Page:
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Wednesday, July 16, 2014


(Daniel Janks. Jessica Friedan, Ashleigh Harvey & James Alexander)

(Review from the artSMart team from the National Arts Festival)

Outstanding cast tells stories of dark secrets borne of inner turmoil. (Review by Caroline Smart)

In an extraordinarily calm and non-histrionic manner, four actors tell three horrific stories in a play titled Bash which appeared on the Fringe Festival in Grahamstown.

Produced by The Wider Ground and 360 Degrees Production House, Bash is directed by Megan Willson and written by American playwright Neil LaBute. The outstanding cast features James Alexander, Jessica Friedan, Ashleigh Harvey and Daniel Janks.

The staging is simple – just two comfortable arm chairs with a side TV screen introducing each of the stories in graphics alongside words that link to the narratives. At first meeting, the characters appear normally balanced, civilised well-dress people. However, bar one, they all have a dark secret borne of inner turmoil. There is clever ironic dialogue especially when the stories move in a dark direction.

iphigenia in orem (the screen shows the titles Breadwinner, Head, Responsibility) is the first story (Daniel Janks) and deals with addiction to material wealth. Alone in his retrospection, he talks about the loss of his five-month old baby after a joke that went horribly sour.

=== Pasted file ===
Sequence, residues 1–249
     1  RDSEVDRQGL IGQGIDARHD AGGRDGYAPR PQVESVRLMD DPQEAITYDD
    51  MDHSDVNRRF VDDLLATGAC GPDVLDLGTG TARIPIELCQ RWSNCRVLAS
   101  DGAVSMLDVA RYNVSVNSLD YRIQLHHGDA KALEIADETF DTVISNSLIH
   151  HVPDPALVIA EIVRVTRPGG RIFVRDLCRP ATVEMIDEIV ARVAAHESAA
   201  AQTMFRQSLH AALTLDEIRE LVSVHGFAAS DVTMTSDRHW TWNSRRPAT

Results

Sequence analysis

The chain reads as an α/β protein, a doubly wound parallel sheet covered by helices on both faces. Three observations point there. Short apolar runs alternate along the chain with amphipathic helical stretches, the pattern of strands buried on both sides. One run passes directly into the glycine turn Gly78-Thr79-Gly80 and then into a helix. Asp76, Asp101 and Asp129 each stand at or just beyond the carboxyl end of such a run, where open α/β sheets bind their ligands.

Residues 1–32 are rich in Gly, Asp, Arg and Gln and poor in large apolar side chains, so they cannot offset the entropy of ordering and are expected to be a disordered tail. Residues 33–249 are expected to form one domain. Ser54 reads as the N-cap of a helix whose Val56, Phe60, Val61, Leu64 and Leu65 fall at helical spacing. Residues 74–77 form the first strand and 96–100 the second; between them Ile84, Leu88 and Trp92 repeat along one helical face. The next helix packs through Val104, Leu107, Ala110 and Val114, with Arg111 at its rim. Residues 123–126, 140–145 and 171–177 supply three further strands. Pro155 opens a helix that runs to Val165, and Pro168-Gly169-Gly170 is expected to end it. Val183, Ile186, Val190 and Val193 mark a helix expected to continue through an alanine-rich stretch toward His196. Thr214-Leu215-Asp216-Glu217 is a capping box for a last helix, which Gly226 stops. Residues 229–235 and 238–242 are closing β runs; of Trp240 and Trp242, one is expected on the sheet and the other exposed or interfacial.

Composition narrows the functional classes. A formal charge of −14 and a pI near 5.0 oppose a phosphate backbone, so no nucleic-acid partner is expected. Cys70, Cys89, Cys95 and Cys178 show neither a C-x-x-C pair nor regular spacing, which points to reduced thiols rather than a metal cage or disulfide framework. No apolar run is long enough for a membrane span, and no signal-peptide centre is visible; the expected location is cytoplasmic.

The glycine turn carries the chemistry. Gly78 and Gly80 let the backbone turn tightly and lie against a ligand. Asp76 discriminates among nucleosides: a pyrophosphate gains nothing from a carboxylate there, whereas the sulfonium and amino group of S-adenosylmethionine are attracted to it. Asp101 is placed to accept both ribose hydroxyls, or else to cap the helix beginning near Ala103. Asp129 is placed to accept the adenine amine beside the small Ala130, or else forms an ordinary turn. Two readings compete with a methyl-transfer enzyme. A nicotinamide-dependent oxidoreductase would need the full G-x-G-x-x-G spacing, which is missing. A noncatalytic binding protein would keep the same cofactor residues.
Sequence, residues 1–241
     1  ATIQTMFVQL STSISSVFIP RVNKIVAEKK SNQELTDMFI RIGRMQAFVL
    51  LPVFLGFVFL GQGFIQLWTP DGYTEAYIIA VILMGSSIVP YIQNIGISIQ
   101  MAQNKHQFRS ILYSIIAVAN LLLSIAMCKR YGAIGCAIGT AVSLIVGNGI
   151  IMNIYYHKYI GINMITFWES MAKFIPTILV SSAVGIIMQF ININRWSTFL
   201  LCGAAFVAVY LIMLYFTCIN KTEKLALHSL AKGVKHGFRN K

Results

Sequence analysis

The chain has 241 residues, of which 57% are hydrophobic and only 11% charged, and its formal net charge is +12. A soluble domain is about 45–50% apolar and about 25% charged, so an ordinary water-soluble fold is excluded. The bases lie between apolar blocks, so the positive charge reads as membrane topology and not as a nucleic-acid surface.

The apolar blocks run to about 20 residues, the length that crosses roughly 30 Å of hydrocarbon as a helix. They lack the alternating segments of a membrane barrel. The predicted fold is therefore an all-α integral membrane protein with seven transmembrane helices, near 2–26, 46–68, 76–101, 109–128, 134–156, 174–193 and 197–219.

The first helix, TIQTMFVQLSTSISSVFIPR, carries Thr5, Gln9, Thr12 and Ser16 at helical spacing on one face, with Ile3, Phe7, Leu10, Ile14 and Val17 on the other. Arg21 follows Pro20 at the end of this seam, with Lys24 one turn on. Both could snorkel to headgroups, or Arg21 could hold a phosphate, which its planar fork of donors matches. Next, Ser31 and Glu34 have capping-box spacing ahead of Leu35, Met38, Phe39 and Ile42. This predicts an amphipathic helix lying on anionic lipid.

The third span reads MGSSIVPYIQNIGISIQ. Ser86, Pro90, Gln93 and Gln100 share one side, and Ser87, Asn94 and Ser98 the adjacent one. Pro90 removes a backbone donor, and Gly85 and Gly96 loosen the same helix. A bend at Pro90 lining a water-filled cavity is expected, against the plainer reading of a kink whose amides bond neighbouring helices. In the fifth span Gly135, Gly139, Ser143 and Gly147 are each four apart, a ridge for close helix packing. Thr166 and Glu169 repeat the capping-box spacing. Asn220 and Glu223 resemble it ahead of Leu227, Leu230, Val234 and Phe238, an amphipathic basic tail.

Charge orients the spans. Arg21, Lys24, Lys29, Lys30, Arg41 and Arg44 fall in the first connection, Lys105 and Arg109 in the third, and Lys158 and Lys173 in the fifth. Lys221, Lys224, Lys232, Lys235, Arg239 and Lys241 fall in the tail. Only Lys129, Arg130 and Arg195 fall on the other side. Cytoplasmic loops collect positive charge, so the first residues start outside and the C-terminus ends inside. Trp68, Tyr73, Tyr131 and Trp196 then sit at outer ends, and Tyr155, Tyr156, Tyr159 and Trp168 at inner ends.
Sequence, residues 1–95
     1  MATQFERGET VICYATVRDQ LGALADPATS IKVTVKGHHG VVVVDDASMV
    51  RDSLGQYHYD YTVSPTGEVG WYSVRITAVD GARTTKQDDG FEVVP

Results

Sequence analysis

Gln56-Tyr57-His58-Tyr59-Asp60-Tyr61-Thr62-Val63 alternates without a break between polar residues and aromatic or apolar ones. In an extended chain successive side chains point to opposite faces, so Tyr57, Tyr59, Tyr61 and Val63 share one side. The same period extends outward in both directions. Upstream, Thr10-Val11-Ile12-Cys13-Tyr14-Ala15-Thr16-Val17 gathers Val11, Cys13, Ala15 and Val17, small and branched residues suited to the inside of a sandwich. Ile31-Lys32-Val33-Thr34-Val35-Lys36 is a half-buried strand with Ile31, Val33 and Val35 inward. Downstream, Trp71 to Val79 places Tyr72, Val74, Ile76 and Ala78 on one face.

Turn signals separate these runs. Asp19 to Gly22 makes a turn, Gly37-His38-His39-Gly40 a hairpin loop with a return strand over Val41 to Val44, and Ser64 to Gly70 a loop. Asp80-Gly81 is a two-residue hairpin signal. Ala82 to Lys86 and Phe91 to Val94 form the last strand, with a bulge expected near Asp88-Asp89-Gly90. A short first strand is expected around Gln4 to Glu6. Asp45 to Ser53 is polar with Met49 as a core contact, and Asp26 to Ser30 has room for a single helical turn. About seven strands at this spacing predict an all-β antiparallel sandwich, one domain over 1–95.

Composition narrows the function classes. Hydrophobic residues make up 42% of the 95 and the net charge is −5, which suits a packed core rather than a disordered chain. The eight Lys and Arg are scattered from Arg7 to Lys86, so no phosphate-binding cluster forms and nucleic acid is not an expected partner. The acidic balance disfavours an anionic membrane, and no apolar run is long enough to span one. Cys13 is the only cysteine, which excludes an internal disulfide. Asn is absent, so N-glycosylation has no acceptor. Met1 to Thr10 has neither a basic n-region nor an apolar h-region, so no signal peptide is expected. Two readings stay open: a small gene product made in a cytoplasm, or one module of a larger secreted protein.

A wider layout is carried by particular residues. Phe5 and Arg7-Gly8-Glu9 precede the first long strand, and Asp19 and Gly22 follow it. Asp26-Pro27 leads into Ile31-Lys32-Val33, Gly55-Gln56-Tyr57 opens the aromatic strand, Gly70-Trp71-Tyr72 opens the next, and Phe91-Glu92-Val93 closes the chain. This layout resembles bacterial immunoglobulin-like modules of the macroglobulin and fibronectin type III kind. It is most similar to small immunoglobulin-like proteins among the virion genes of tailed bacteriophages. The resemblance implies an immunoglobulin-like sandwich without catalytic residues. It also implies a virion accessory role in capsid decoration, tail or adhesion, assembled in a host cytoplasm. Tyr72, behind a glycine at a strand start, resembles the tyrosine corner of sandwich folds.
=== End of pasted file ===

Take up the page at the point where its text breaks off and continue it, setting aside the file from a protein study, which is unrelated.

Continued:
A Gaggle of Saints (Dream, Justice, Value) sees James Alexander and Jessica Friedan sees two young people talking about a party they went to in New York. While the female chatters on about insignificant memories, the man’s story goes down a homophobic path.

The final story is medea redux (Love Loyalty Trust). As an adult woman, Ashleigh Harvey’s character talks about a sexual relationship she had with a much older man when she was 13. As a result she became pregnant and when the child is older she uses him as a tool to extract her revenge. While the whole cast is excellent, as already mentioned, it was Ashleigh Harvey’s superb performance that blew me away in her quiet and compelling retelling of her story.

Don’t miss this one if it comes your way. – Caroline Smart